Sci­en­tists: If 8.2-mag­ni­tude earth­quake hit Cal­i­for­nia, dam­age would be cat­a­strophic

Pittsburgh Post-Gazette - - National - By Rong-Gong Lin II

Los An­ge­les Times

LOS AN­GE­LES — The earth­quake that rav­aged south­ern Mex­ico on Sept. 7 was the largest to shake the coun­try in nearly a cen­tury.

Like Cal­i­for­nia, Mex­ico is a seis­mi­cally ac­tive re­gion that has seen smaller quakes that have caused death and de­struc­tion. But the Sept. 7 tem­blor is a re­minder that even larger quakes — while rare — do oc­cur.

Sci­en­tists say it’s pos­si­ble for South­ern Cal­i­for­nia to be hit by a mag­ni­tude 8.2 earth­quake. Such a quake would be far more de­struc­tive to the Los An­ge­les area be­cause the San An­dreas Fault runs very close to and un­der­neath densely pop­u­lated ar­eas.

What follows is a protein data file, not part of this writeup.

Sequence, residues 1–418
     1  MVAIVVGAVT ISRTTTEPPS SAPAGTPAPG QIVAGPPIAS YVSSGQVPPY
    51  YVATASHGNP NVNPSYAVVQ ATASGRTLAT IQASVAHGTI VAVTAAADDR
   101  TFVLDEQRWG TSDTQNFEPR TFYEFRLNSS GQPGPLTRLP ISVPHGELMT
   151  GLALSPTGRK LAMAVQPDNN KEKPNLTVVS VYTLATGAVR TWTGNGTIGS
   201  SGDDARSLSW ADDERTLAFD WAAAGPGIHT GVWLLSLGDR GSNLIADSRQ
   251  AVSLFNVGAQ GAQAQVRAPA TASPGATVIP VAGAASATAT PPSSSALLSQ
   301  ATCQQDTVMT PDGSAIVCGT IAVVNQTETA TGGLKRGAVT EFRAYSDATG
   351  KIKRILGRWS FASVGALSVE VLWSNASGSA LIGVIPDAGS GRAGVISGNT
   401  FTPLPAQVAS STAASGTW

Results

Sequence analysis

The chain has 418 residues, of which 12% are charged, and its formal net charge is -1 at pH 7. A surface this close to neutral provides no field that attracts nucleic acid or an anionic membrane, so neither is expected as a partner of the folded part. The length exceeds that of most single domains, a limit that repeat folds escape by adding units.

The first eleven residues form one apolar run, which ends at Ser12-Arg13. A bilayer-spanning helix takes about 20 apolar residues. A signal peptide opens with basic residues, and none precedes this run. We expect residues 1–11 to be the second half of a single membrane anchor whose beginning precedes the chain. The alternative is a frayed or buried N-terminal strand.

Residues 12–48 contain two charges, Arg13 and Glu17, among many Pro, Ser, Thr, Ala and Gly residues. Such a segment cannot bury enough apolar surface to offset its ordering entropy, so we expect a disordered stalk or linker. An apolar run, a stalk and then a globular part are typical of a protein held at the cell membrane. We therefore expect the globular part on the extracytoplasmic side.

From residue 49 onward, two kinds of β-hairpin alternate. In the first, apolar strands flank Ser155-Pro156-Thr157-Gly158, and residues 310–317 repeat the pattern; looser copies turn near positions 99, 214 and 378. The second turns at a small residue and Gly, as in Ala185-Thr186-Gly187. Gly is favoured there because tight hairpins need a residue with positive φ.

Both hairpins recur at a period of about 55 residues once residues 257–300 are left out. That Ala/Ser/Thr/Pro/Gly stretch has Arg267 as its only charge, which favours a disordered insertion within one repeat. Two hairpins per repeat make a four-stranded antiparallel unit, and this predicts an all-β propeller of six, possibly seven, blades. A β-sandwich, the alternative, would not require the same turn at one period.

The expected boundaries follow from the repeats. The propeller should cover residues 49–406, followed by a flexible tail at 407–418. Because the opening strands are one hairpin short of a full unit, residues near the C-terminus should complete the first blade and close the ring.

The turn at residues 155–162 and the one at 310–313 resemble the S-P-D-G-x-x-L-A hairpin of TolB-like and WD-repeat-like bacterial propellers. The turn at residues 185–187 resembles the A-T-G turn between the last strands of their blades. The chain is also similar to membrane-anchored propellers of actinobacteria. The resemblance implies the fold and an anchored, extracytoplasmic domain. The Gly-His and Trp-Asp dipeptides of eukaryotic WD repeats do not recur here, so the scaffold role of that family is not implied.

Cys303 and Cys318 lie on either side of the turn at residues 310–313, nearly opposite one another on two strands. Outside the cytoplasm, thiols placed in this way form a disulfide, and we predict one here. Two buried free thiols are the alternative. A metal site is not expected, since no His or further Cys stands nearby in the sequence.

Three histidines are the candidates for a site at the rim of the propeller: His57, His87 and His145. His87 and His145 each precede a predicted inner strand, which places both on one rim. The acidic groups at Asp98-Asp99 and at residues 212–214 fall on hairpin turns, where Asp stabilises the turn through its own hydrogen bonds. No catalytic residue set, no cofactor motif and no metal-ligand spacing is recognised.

The dev­as­tat­ing quakes that hit Cal­i­for­nia over the last cen­tury were far smaller than the Sept. 7 tem­blor, which Mex­i­can author­i­ties set at mag­ni­tude 8.2 and the U.S. Ge­o­log­i­cal Sur­vey placed at 8.1. Mex­ico’s earth­quake pro­duced four times more en­ergy than the great 1906 San Fran­cisco earth­quake, a mag­ni­tude 7.8, which killed 3,000 peo­ple and sparked a fire that left much of the city in ru­ins.

South­ern Cal­i­for­nia’s most re­cent mega-quake was in 1857, also es­ti­mated to be mag­ni­tude 7.8, when the area was sparsely pop­u­lated.

A mag­ni­tude 8.2 earth­quake would rup­ture the San An­dreas Fault from the Sal­ton Sea — close to the Mex­i­can bor­der — all the way to Mon­terey County. The fault would rup­ture through coun­ties in­clud­ing Los An­ge­les, River­side and San Bernardino.

An 8.2 earth­quake would be far worse here be­cause the San An­dreas Fault runs right through ar­eas such as the Coachella Val­ley — home to Palm Springs — and the San Bernardino Val­ley, along with the San Gabriel Moun­tains north of Los An­ge­les. The fault is about 30 miles from down­town Los An­ge­les.